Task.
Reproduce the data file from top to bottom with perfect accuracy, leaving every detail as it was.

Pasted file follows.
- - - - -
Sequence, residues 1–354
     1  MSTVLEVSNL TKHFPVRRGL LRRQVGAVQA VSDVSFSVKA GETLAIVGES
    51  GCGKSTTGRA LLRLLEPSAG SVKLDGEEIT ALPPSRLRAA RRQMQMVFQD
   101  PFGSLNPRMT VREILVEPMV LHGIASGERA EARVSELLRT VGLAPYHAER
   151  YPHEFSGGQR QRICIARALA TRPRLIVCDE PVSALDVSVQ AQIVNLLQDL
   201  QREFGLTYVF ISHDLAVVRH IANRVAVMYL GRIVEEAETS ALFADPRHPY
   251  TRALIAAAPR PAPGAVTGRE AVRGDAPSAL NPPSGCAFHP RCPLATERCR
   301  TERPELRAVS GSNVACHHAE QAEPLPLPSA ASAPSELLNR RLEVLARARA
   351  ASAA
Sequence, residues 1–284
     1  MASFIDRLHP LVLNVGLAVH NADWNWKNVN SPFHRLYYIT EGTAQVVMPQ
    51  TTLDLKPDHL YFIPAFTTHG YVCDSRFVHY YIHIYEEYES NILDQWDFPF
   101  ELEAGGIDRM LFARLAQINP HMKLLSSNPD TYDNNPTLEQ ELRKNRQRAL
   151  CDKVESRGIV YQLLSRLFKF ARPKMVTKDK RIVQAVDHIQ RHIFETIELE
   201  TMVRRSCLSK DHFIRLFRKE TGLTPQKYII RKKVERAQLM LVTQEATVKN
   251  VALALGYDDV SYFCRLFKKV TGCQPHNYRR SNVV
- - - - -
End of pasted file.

Sequence, residues 1–354
     1  MSTVLEVSNL TKHFPVRRGL LRRQVGAVQA VSDVSFSVKA GETLAIVGES
    51  GCGKSTTGRA LLRLLEPSAG SVKLDGEEIT ALPPSRLRAA RRQMQMVFQD
   101  PFGSLNPRMT VREILVEPMV LHGIASGERA EARVSELLRT VGLAPYHAER
   151  YPHEFSGGQR QRICIARALA TRPRLIVCDE PVSALDVSVQ AQIVNLLQDL
   201  QREFGLTYVF ISHDLAVVRH IANRVAVMYL GRIVEEAETS ALFADPRHPY
   251  TRALIAAAPR PAPGAVTGRE AVRGDAPSAL NPPSGCAFHP RCPLATERCR
   301  TERPELRAVS GSNVACHHAE QAEPLPLPSA ASAPSELLNR RLEVLARARA
   351  ASAA
Sequence, residues 1–284
     1  MASFIDRLHP LVLNVGLAVH NADWNWKNVN SPFHRLYYIT EGTAQVVMPQ
    51  TTLDLKPDHL YFIPAFTTHG YVCDSRFVHY YIHIYEEYES NILDQWDFPF
   101  ELEAGGIDRM LFARLAQINP HMKLLSSNPD TYDNNPTLEQ ELRKNRQRAL
   151  CDKVESRGIV YQLLSRLFKF ARPKMVTKDK RIVQAVDHIQ RHIFETIELE
   201  TMVRRSCLSK DHFIRLFRKE TGLTPQKYII RKKVERAQLM LVTQEATVKN
   251  VALALGYDDV SYFCRLFKKV TGCQPHNYRR SNVV